'Eating oily fish could delay menopause by three years' The Independent reports
"Oily fish could delay the menopause by three years," reports The Daily Telegraph. A study of 914 UK women aged 40 to 65 found those who ate more oily fish and beans reached the menopause later compared with women who ate more refined carbohydrates, like rice and pasta.
The menopause is defined as the end of menstrual periods, and is counted from the point at which a woman has had no natural menstrual periods in the past 12 months.
The average age at which women reach menopause in the UK is 51. Many things are thought to affect this, including genetics, reproductive history and age at which a woman first started having periods. Diet is another potential factor.
The age at which women reach the menopause can affect their health. Early menopause is linked to weaker bones (osteoporosis) and depression. Later menopause is linked to a higher risk of breast, womb and ovarian cancers, likely due to hormonal factors.
While the study results are interesting, they don't prove that women's diets directly affected the timing of their menopause. Other factors are likely to be involved. It's also difficult to say whether delaying menopause by 3 years, for example, would be beneficial for all women, given that there are also some risks attached to later menopause.
Nevertheless, eating a balanced diet and getting the right vitamins and minerals is important to help women to stay healthy as they get older and go through the menopause.
Find out more about eating a balanced diet.
The study was carried out by researchers from the University of Leeds and funded by the UK Medical Research Council and the Commonwealth Scholarships Commission. It was published in the peer-reviewed Journal of Epidemiology and Community Health, on an open-access basis, so it is free to read online.
The Mail Online seems to think that a later menopause is a good thing, urging readers to "eat your way to a later menopause". BBC News is more sceptical about the claims, pointing out that "many other factors, including genes, influence timing of the menopause" and that later menopause carries an "increased risk of breast, womb, and ovarian cancers".
This was a cohort study – where researchers follow a group of people for a period of time and observe what happens to them. In this case, they wanted to see whether women's diets affected the age at which they went through menopause.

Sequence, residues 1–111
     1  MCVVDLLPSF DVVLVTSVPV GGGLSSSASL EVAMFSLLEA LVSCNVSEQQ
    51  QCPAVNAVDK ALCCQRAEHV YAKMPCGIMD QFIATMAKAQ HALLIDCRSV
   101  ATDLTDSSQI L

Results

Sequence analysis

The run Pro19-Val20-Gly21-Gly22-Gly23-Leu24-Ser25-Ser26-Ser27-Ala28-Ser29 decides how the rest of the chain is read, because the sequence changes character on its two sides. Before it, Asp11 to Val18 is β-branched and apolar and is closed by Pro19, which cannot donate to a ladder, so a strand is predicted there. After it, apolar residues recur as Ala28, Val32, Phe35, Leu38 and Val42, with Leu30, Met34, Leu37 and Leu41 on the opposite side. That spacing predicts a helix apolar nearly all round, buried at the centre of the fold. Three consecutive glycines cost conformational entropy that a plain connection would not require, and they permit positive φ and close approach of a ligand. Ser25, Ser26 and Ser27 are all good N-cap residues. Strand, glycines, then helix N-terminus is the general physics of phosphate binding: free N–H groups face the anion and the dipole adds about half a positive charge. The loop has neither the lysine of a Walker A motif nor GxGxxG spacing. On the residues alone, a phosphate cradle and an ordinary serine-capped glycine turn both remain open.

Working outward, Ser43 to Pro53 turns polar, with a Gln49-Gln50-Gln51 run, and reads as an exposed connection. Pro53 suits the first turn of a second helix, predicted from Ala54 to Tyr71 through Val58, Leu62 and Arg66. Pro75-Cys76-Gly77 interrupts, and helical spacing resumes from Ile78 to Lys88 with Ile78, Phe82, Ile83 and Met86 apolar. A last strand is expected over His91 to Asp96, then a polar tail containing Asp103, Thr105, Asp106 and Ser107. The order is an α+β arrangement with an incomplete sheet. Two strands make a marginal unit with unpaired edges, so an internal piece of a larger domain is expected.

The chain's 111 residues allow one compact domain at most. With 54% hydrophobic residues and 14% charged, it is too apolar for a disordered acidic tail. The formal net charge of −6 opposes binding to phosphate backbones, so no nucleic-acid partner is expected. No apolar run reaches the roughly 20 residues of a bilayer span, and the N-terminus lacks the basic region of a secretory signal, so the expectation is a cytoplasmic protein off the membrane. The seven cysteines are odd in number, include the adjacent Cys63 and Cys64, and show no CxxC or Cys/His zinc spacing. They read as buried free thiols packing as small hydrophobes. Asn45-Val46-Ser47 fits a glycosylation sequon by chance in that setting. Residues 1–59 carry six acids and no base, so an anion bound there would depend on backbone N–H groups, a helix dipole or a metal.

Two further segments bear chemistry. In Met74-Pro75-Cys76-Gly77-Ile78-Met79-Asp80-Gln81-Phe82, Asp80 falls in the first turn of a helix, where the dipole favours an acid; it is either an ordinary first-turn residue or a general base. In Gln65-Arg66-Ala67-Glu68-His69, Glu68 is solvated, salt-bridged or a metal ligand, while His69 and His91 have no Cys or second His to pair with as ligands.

Cohort studies can find links between factors, but cannot show that one (in this case diet) directly causes another (timing of menopause).
In 1995-98 the UK Women's Cohort Study recruited more than 35,000 women aged 40 to 65, measured their health and lifestyle factors and dietary information using a questionnaire, then followed them up for 4 years. This study looked at 14,172 women who'd completed both baseline and follow-up questionnaires. They then looked only at information about women who went through the menopause during the 4 years of follow-up (914 women).
Diet was assessed using a Food Frequency Questionnaire, which asks people to state how often they eat 217 different foods. The researchers looked for links between women's diet and age at menopause, after adjusting for a range of factors known to affect menopause:
The average age at which women in the study reached menopause was 50.5 years. Most of the women studied were married, had children and had professional or managerial jobs.
The more refined pasta and rice women ate, the earlier they were likely to reach menopause. Each daily portion of 210g was linked to having the menopause 1.5 years earlier (99% confidence interval (CI) -2.8 to -0.2 years).
Oily fish and fresh legumes (such as beans and peas) were linked to higher age at menopause. Each 90g daily portion of fish was linked to having the menopause 3.3 years later (99% CI 0.8 to 5.8 years), while each 75g portion of legumes was linked to having the menopause 0.9 years later (99% CI 0.0 to 1.8 years). This latter result is of borderline statistical significance, so it is not as reliable as the other results.
The researchers also found women who were vegetarian tended to reach menopause 0.8 years earlier (99% CI 0.2 to 1.4) than those who ate meat and fish.
The researchers said the antioxidant properties of oily fish and fresh legumes are a potential explanation for their findings, because women's ovulation is affected by oxygenation damage, which may be counteracted by antioxidants.
They speculate that eating more refined carbohydrates in pasta or rice might increase the risk of insulin resistance (where the body doesn't respond properly to insulin and starts making too much), which could affect timing of menopause. Although a recent study we covered showed pasta to have a low glycaemic index and so it doesn't raise the risk of insulin resistance.
Overall, they say: "our findings confirm that diet may be associated with the age at natural menopause," and that this might "have implications on future health outcomes".
If diet does affect the age of menopause, it is likely to be only one of many factors determining at what age a women stops her periods. This study suggests some avenues for investigation, but observational studies like this can't show that diet is responsible for an outcome with so many possible confounding factors.
There are other limitations to be aware of:
Women approaching the menopause may not be able to control when it happens through diet, but can give themselves the best chance of staying healthy by eating a healthy, balanced diet with plenty of vegetables and calcium.
Find out more about staying healthy through the menopause.